Sometimes, between the shuffle from internship to part-time job to rock climbing gym to hardware store to happy hour to African restaurant to Craig's List run to shower to grocery store to running trail to bike shop to library for Season Three of The Wire, it occurs to me that I'm supposed to be looking for a job.

Somewhere along the way, the job search lost a lot of its appeal. Maybe it was five weeks ago, when I received the following email shortly after having interviewed for a position for which I'd thought I was pretty obviously overqualified: 

xxx and I sat down to review the xxx Manager candidates this afternoon. There were a large number of applicants, and we regret that your experience was not great enough to move your candidacy forward.

Really? I thought. Really? Experience "not great enough?" The market is so bad that we overeducated masses are scrambling for positions that don't even require an undergraduate degree, let alone an advanced one? 

I was pretty perplexed after receiving this response, and so wrote back, asking about what I could have done better. The reply:

Both your application and interview were impressive.  You are among a select few that we pulled out of a competitive pool to speak with over the phone and, though you hesitated in answering a couple of the more difficult questions I asked, your responses were intelligent and thoughtful.  The simple fact is that some other applicants came to us with a lot of experience working specifically with xxx in the region.  That being said, I think the primary thing that could have made you a stronger candidate is if you were more familiar with and knowledgeable about our area’s unique xxx and the Seattle xxx world.  That will just take some time.  I can sympathize with any frustration you might be feeling about the fact that most employers want to hire new people with a lot of experience – so how, then, do you go about acquiring that experience?  Just keep applying for jobs that interest you, remain confident in your abilities and, in the meantime, continue to explore your community.  You’ll land on another great thing soon.

At moments like these, I sign onto Skype. Often, from the cyber wires of East Africa, comes a welcome greeting (hello emily long time?). After the niceties, Joseph, or Emmanuel, or Peter, asks me how the job search is going, and I joke that if nothing better comes up soon, I'll be heading back to South Sudan, or Congo, where the job market is more reliable. A mistake, of course. Sarcasm and dark humor don't come across very well on Skype. Especially not with language barriers. And so they'll say, in their typical, flowery, East African way:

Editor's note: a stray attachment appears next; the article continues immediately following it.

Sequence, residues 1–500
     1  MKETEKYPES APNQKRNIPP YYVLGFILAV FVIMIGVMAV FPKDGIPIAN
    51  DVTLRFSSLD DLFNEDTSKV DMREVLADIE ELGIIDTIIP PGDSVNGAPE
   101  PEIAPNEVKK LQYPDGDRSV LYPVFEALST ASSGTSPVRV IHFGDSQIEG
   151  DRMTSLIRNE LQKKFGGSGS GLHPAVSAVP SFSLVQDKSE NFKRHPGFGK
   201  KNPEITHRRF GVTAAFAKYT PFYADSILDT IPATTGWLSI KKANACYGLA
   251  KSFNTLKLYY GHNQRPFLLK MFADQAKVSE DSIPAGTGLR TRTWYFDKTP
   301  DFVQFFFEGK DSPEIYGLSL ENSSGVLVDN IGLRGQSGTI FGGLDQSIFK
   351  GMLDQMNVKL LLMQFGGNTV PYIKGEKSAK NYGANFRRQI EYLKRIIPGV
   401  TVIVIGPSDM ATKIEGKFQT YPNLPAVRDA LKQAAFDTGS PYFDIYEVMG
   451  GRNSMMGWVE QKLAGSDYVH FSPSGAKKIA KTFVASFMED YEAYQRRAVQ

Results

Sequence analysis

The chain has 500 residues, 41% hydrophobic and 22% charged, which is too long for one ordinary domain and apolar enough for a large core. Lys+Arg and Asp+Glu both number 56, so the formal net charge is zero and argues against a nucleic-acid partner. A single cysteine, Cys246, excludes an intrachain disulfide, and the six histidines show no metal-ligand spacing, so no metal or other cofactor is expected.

Really? What a joy it would to have you among us once again! 


Africa will be a place for every things you may want. 

Or even

How are you? For us, things are fine. It's been a long time since we've had news from you. What's going on? It's as if you've forgotten us. Our hearts are with you. Take care of yourself.

Or the most wrenching of all:

Hello Emily its a Flesher to have some words from you...remember the said saying: Only Mountain don,t meet but Human being does. Other wise we shall meet again. Have a nice time.

And I will start thinking to myself that maybe going back to South Sudan or Congo isn't such a bad idea after all, that the job market there is more reliable, that at least over there I know what I'm doing and people seem to like me and life is consistently interesting and I'll get more stamps in my passport and many more stories to write about, and I'll tell myself that giving up exercise and relationships and anonymity and mountains and the opportunity to attend friends' weddings and having a physical home base of my own isn't really that big a deal after all. 

And then I'll remember that it is kind of a big deal. And then I'll decide that the best option is probably to forget about jobs altogether, and get back to The Wire.

The job search can resume after Season Four.